Gamma knife radiosurgery for dural arteriovenous fistulas: a meta-analysis of treatment strategy and results in four different gamma knife centers

Keywords: arteriovenous fistula, gamma knife, dural arteriovenous fistula, embolization, outcome

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     Treatment options for dural arteriovenous fistulas (DAVFs) have expanded with the application of Gamma knife radiosurgery (GKS). 
     To assess the role of GKS in treatment of DAVFs, we reviewed our entire DAVF experience and compared with three recent published DAVFs GKS treatment series from different centers.
     Between 1993 and 2010, 368 DAVFs underwent GKS in our hospital. In our series, 216 patients were Cavernous-carotid fistulas, 97 patients were transverse-sigmoid fistulas and 55 patients had DAVF in other location. 327 patients (89%) had only Gamma knife treatment and other 41 patients (11%) had combined treatment with embolization or surgery. Seventy-five patients (20%) were diagnosed after sustaining an intracranial hemorrhage.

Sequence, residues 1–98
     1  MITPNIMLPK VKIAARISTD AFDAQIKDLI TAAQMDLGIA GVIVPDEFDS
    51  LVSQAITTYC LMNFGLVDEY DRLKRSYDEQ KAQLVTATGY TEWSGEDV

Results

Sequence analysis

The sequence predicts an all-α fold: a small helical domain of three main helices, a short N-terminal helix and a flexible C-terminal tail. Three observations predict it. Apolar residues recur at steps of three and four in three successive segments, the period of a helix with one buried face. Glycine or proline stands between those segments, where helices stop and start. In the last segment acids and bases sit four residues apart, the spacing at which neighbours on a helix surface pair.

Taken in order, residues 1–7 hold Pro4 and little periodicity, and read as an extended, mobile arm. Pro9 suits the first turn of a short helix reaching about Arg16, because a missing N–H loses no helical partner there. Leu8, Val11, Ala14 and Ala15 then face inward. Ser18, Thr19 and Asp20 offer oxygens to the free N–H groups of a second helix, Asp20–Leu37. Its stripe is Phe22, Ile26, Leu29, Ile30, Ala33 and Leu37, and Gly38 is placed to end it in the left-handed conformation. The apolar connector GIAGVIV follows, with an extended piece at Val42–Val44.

We selected three recent published GKS series from University of Pittsburgh, University of Virginia, and Karolinska University hospital (series at least had 40 patients with more than 3 years follow-up published in recent 5 years) for comparison. We compared patients’ selection, treatment strategy, dose plan, treatment results and complication of four different series and try to find out the common conclusion in current GKS treatment for DAVFs.
     We found more than 95% of patients had neurological symptom improvement during follow-up. Seventy percent of 216 patients with cavernous-carotid fistulas and 59% of patients with non cavernous-carotid fistulas had obliteration confirmed by imaging.
     This was a retrospective study.
     GKS is a safe and effective treatment modality for intracranial DAVFs. For low risk DAVFs with benign clinical presentation, GKS can serve as a primary treatment. Symptom improvement rate and image proved obliteration rate can be achieved in more than 70% to 90% within 2 years with little adverse events. 
     For high risk DAVFs with extensive retrograde cortical venous drainage, hemorrhage or severe venous hypertension, treatment combined with embolization or surgery is suggested.


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